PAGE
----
Eight people have been injured after a powerful tornado hit Portugal’s Algarve region.
Violent winds overturned cars, smashed windows and stripping tiles from roofs.
Most of those injured had been on the road when the storm picked up their vehicles and threw them onto their roofs.
A funnel-shaped cloud had been seen approaching the coast from the Atlantic shortly before the damage was reported.
Funnel clouds are rotating areas of cloud which extend downwards from the base of the main thunderstorm cloud. In themselves they are harmless, but if they develop sufficiently and touch the ground, then they can become powerful tornadoes.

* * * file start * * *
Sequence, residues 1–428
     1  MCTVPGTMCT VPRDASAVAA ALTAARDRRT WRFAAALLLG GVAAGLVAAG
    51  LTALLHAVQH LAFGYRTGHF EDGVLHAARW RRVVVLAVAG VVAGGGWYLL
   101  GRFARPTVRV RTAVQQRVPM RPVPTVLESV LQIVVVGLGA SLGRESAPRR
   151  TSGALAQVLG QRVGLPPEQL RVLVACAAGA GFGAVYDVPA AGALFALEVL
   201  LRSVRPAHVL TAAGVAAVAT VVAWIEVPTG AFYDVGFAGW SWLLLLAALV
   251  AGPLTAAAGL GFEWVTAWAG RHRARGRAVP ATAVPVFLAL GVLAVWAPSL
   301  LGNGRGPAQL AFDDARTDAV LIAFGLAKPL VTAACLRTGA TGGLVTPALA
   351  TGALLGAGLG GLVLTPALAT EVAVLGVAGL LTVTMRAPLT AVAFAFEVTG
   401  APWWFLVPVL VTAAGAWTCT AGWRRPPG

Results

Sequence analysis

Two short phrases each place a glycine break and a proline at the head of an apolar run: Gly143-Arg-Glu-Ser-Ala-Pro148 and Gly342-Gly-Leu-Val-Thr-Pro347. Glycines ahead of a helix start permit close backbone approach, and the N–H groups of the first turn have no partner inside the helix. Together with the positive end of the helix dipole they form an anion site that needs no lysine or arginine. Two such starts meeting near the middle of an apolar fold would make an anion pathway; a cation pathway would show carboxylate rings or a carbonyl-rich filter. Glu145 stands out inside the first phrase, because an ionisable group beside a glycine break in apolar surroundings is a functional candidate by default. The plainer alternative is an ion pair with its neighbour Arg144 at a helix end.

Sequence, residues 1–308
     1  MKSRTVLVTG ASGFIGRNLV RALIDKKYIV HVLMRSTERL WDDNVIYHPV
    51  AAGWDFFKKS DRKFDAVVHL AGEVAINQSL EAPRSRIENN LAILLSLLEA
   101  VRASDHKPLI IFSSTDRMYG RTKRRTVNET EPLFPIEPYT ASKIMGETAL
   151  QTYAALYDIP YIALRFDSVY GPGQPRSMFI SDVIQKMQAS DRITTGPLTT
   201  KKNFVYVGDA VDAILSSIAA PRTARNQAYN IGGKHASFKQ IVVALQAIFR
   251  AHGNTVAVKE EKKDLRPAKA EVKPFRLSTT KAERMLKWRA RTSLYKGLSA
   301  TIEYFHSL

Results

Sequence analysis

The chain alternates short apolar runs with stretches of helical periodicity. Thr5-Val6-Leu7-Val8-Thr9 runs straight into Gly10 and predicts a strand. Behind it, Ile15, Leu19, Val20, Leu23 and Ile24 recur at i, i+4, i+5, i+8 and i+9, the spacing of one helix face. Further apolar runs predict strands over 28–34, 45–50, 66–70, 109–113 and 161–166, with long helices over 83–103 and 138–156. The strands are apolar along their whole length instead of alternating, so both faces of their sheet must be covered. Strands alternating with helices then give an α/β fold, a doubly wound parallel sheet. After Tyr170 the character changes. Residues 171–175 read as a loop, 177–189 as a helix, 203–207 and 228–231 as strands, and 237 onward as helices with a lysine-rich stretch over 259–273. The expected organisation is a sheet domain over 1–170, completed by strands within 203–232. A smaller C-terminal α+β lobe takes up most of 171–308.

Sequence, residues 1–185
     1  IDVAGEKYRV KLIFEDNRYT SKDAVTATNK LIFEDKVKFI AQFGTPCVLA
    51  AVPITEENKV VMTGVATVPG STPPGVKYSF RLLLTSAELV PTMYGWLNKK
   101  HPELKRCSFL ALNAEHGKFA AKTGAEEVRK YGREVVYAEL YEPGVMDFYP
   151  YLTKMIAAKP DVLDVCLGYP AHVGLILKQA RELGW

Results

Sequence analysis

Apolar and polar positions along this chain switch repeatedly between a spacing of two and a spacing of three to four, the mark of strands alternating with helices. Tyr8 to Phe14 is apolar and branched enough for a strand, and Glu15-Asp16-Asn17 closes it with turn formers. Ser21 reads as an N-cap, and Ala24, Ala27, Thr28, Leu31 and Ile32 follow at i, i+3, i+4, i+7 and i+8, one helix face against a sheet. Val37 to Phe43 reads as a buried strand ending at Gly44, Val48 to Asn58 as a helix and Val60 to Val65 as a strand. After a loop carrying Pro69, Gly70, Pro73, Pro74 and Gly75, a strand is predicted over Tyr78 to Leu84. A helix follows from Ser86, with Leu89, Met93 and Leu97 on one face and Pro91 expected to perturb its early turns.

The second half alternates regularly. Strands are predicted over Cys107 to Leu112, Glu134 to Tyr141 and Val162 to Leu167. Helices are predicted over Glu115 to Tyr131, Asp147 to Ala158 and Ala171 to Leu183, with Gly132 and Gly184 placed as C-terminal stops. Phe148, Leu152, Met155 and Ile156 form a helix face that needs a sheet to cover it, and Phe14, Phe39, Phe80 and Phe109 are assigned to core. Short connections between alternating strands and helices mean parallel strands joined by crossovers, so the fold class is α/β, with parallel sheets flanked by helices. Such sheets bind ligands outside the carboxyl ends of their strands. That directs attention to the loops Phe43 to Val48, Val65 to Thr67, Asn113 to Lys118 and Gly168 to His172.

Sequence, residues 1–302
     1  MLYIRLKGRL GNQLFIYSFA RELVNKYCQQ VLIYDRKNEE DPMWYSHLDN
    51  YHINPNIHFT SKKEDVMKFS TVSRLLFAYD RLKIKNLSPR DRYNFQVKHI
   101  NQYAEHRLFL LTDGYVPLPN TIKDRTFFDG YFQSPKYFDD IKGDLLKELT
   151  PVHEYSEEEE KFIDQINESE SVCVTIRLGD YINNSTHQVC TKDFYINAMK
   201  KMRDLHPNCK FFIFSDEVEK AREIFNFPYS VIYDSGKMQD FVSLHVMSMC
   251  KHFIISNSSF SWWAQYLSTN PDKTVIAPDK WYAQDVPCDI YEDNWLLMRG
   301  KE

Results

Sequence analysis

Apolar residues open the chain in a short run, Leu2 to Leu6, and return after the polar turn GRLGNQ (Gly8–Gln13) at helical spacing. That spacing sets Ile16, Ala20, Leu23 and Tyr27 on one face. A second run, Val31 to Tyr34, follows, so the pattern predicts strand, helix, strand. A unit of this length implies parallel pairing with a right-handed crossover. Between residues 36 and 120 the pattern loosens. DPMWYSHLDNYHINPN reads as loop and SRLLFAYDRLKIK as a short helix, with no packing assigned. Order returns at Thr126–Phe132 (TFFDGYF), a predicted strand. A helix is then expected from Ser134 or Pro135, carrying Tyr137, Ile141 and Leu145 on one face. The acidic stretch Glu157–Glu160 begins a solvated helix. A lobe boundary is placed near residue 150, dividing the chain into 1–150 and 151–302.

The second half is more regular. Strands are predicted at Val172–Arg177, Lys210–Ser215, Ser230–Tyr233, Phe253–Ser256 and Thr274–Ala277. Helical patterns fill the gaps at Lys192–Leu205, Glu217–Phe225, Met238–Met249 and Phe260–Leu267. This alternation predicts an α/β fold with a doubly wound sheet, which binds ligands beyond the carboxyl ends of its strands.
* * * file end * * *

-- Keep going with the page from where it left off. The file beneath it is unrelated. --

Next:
Tornados are triggered by the interaction of two contrasting air types, and can occur almost anywhere. They have been seen in every continent except Antarctica.
In the US, where there is a stark contrast between the hot air from the Gulf of Mexico and the cool air from Canada, tornadoes are often extremely destructive and life-threatening.
In Europe, however, the vast majority of tornadoes are pretty feeble and don’t cause any significant damage. Fortunately the destruction caused by this recent storm in Portugal is rare.
A few more thunderstorms are expected to rumble across the Algarve for the remainder of Saturday, before clearing away for Sunday.